Some say new meal guidelines should be scrapped
- on October 2, 2012
Though this year’s new school lunch guidelines are generally a hit with nutrition experts and school officials, Kansas Congressman Tim Huelskamp, a Republican who represents the state's largely rural 1st District, said that’s not what he’s hearing from parents and students.
“Parents are frustrated that the lower calorie limits are leaving their children hungry, and therefore unable to concentrate in the classroom or without the energy they need to participate in after-school sports,” Huelskamp told KHI News Service.
Weeks after the guidelines went into effect, some students in his district made a music video protesting the guidelines:
Give me some seconds I need to get
some food today My friends are at the
corner store Getting junk so they
don’t waste away.
The video — called “We Are Hungry,” spoofing a pop song by the band Fun — has been viewed nearly 800,000 times already, and last week was covered widely by the national media and was featured on Comedy Central's The Daily Show.
Much of the video shows student athletes without energy and passing out en masse.
However, federally funded school lunches are not intended to serve as a sports training table for student athletes, said Cheryl Johnson, who heads the Child Nutrition and Wellness program at the Kansas State Department of Education.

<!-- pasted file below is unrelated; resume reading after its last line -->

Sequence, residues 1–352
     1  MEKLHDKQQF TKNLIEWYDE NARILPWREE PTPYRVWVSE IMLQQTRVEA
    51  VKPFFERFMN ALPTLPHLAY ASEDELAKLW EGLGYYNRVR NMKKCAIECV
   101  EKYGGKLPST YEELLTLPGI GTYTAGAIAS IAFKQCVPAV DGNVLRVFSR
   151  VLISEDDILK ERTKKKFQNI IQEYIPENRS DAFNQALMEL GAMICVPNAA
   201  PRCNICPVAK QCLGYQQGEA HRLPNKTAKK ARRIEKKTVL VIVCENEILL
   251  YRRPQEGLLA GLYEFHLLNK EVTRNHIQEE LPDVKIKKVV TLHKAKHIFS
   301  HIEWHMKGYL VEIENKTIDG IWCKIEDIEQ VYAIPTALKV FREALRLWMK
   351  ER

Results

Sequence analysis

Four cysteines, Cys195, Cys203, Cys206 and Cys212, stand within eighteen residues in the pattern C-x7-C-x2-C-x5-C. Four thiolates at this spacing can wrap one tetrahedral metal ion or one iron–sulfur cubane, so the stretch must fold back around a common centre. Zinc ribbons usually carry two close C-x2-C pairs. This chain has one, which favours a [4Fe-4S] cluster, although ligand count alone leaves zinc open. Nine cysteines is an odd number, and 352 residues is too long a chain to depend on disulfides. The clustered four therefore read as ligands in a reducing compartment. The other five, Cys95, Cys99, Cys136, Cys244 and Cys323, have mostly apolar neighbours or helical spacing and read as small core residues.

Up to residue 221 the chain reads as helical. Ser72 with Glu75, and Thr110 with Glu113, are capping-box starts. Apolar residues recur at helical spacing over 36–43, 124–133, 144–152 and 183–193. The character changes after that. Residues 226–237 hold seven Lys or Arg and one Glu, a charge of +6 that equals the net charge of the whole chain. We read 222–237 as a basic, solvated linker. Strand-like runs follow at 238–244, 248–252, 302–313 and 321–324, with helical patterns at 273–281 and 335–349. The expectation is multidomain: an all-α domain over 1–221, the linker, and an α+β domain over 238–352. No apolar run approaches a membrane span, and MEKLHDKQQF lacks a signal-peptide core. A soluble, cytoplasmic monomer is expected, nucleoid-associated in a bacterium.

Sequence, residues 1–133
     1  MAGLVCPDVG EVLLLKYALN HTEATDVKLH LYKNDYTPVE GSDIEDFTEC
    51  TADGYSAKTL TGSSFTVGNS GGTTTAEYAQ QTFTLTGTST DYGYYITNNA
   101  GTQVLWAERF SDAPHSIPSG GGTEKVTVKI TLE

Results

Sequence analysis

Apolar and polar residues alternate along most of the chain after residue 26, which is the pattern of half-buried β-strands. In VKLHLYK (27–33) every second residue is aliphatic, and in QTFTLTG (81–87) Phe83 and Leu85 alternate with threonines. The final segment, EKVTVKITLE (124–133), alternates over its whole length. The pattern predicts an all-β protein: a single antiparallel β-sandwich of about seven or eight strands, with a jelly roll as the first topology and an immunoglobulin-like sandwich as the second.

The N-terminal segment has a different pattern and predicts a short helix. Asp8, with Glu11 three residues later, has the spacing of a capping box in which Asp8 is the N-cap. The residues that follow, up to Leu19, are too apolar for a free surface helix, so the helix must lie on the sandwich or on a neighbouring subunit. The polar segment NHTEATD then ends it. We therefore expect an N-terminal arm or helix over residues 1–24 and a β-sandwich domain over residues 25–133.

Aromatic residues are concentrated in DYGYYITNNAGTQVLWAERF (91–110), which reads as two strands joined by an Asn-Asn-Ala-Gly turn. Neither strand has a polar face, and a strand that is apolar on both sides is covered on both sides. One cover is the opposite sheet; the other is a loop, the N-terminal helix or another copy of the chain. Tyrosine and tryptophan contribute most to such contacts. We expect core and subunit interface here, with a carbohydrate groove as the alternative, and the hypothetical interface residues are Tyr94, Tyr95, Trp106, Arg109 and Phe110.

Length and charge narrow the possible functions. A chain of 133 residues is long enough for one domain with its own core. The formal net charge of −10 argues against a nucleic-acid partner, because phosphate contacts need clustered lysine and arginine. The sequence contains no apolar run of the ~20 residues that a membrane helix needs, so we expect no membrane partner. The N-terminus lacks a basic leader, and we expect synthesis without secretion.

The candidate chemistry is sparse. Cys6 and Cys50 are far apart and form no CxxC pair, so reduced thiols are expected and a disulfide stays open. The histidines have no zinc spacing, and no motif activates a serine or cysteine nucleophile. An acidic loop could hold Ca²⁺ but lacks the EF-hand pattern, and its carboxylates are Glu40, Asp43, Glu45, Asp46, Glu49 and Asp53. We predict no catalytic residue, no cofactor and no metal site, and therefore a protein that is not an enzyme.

She said the guidelines were intended to make sure school lunches provide one-third of the average daily calorie needs of students, by age group.
Johnson said that additional helpings of fruits and vegetables remain available and federally subsidized for those who want them and that students who want seconds of other items can always purchase them.
Push to repeal the guidelines
The new guidelines were championed by First Lady Michelle Obama, in part to help stem the rising tide of childhood obesity in the United States. According to the Centers for Disease Control, more than a third of all children in the U.S. were overweight or obese in 2008.
The new guidelines include the first-ever caps on calories provided in school meals, which Huelskamp said were misguided.
“Childhood obesity is certainly a problem in America, but it is not the prerogative of the federal government to put every child on a diet,” Huelskamp said. “It is the right and responsibility of the parents to counter their children’s health issues.”
Huelskamp is co-sponsoring legislation that would repeal the new nutritional guidelines and reinstate the old ones, which had been in place for 15 years.
"The USDA's new school lunch guidelines are a perfect example of what is wrong with government: misguided inputs, tremendous waste, and unaccomplished goals. Thanks to the Nutrition Nannies at the USDA, America's children are going hungry at school," Huelskamp wrote in press release unveiling the “No Hungry Kids Act,” co-sponsored by Iowa Republican Rep. Steve King.